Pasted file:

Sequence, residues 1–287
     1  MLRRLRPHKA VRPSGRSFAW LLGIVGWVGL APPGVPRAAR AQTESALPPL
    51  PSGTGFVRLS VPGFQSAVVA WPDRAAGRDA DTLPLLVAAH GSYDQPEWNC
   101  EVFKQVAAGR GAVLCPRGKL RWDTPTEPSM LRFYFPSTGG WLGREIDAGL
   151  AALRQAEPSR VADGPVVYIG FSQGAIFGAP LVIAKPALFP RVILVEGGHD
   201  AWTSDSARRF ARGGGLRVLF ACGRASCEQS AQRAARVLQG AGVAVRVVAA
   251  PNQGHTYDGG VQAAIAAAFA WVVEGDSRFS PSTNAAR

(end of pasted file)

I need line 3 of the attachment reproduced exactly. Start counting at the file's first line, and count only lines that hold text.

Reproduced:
    51  PSGTGFVRLS VPGFQSAVVA WPDRAAGRDA DTLPLLVAAH GSYDQPEWNC